The pizza served at the Harlem spot Raw Soul could hardly be considered traditional African-American Southern fare. The “buckwheat, carrots, and flax, topped with a walnut/brazil nut cheese and sun-dried tomato pizza sauce” isn’t fried or dripping with flavorful grease. Still, there’s something about it–the rich colors, the multiple textures–that seems to tell the story of a black and soulful experience. “People have an emotional connection to food,” explained Lillian Butler, who, along with her husband, Eddie Robinson, is an owner-chef of Raw Soul. “We provide that here.” Raw Soul is more than a restaurant and juice bar. It serves as a nutrition and healthy-lifestyle educational center, as well as a hub for a diverse group of people who are determined to shift Harlem’s food consciousness.
One of the local food activists who frequent Raw Soul is Moriba Jackson. When Jackson thinks of buying food she always sees color. Not just the race of the people who populate Harlem and the South Bronx, the areas where she lives and works, but the color of the local food itself. Jackson tells the story of buying a head of lettuce from a corner grocery store in the Mott Haven section of the Bronx and forgetting it in her office refrigerator. When she returned to the lettuce more than a month later it was as if it had been suspended in time, with only one small brown spot betraying its advanced age.
“I ran around my office screaming, asking what was going on with this food,” Jackson, a 36-year-old African-American, recalls. Within a year Jackson had joined an effort in Harlem to start a food-buying club, a cooperative association that allows people to pre-order fresh, seasonal foods from farmers or distributors at wholesale prices.
Jackson is among thousands of consumers who have organized buying clubs, joined CSAs (Community Supported Agriculture) or sought out food cooperatives as a way to access healthy foods and to support neighborhood-based food delivery systems. But what she shares with a smaller subset of neighborhood food activists is a race- and class-based critique that weaves in notions of black community leadership and responsibility. For Jackson and others like her, “food justice” is not only about supporting local farmers, battling the corporate hold on food production and breaking the tyranny of bioengineered foods and a fast-food nation; it’s also about using food as a means of re-educating, reinvigorating and liberating the black community.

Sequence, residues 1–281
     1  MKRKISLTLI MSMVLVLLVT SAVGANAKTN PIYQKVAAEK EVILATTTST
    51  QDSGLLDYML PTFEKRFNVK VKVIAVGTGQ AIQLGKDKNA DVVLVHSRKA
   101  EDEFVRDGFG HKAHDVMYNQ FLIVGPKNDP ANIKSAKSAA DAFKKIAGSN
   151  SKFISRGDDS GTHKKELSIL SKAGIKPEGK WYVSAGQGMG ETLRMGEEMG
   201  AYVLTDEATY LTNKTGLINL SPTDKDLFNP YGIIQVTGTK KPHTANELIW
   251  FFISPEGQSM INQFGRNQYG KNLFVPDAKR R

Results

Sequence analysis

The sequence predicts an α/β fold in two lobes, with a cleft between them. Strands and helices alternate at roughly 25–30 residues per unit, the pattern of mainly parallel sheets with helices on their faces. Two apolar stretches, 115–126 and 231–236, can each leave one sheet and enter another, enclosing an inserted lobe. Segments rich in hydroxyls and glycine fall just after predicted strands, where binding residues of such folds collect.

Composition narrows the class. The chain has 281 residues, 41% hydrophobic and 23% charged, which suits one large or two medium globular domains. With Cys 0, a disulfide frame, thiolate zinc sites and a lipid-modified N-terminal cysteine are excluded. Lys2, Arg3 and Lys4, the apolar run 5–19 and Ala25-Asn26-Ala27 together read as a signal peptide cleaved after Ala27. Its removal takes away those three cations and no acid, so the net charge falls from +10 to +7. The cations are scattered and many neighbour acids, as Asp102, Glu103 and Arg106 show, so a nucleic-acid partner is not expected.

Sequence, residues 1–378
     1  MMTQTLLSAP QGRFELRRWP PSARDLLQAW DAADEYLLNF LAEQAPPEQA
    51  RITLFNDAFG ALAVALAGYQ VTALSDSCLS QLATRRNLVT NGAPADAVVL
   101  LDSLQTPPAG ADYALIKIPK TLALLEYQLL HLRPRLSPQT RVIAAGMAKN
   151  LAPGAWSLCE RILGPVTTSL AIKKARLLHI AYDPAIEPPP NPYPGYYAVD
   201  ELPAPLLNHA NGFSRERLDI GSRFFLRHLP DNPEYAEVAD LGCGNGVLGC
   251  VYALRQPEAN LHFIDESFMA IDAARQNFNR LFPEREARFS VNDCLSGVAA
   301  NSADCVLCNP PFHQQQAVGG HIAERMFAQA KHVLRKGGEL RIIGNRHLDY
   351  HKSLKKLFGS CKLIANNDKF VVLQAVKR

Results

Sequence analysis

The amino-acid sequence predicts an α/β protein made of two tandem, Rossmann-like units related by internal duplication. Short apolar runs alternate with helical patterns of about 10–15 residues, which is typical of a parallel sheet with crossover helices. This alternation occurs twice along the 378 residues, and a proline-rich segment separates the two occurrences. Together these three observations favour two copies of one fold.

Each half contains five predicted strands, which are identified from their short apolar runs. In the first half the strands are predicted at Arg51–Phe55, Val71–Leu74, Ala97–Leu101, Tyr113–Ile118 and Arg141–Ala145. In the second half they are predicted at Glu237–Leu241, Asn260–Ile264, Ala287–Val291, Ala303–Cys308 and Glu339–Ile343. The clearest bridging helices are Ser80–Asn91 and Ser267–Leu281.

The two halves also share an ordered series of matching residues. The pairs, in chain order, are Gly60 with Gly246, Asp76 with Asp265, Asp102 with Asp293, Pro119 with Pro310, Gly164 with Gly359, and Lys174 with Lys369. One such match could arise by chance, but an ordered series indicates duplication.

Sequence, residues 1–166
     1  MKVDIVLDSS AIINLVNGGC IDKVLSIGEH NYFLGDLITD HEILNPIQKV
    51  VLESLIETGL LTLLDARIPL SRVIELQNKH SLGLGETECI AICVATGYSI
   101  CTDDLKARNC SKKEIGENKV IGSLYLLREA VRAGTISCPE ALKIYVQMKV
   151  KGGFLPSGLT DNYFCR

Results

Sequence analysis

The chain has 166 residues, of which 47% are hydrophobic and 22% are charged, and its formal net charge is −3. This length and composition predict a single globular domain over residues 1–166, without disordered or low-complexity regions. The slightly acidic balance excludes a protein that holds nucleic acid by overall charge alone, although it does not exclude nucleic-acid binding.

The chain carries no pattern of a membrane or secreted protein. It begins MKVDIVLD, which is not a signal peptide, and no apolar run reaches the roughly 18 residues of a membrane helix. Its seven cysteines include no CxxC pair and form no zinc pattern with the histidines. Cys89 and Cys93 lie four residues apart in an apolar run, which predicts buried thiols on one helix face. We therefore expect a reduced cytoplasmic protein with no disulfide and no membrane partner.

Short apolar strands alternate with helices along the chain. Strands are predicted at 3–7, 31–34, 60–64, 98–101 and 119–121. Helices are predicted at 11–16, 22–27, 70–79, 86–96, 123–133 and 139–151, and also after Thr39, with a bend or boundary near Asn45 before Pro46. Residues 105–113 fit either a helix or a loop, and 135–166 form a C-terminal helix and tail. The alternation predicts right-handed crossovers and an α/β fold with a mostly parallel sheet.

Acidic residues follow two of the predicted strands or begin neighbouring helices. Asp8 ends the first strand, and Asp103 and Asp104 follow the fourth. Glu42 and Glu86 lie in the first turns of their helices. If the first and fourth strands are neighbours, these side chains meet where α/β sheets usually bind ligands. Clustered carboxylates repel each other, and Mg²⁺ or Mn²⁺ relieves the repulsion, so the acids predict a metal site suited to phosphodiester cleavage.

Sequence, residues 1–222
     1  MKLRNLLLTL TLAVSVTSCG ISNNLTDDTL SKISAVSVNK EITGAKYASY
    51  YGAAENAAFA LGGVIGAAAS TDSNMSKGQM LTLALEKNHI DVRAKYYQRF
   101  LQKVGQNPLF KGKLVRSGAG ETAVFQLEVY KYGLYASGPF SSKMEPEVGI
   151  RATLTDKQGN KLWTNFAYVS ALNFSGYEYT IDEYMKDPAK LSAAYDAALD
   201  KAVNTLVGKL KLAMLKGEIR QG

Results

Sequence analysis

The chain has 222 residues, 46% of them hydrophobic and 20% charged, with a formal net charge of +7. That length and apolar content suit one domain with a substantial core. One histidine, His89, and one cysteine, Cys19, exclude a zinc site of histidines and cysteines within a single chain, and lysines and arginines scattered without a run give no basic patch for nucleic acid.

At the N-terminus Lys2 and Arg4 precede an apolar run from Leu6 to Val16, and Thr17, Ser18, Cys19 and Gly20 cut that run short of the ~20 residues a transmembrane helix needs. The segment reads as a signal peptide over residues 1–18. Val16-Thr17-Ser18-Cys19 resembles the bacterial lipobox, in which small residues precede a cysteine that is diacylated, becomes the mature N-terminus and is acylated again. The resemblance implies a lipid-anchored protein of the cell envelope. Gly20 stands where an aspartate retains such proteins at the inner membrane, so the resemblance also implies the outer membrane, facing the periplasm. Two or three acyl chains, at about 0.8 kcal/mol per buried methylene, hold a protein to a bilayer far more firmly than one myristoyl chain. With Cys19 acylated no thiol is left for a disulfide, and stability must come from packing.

Over the years, social science research has documented the race- and class-based differences in food access and consumption that were already obvious to many. For instance, City Limits magazine reported in 2004 that in New York City, the wealthiest residents have five times as many square feet of grocery-store space as do the city’s poorest. A 2006 University of Michigan study conducted in New York, Maryland and North Carolina found that neighborhoods of color and racially mixed areas had half as many supermarkets as predominantly white neighborhoods and twice the number of smaller corner and bodega-like stores, which carry little fresh produce. Similarly, low-income neighborhoods were found to have half as many supermarkets as the wealthiest communities, but four times as many of the smaller stores. Low-income and nonwhite communities in general had fewer natural food stores and fresh produce markets.
Jackson, who said that her interest in community food alternatives was prompted in part by a desire to control her weight, was able to rattle off the locations of seven McDonald’s within walking distance of her Harlem apartment. At the same time, she described taking two trains and a bus to get to a market that sold organic fruits and vegetables and a broad selection of healthy foods.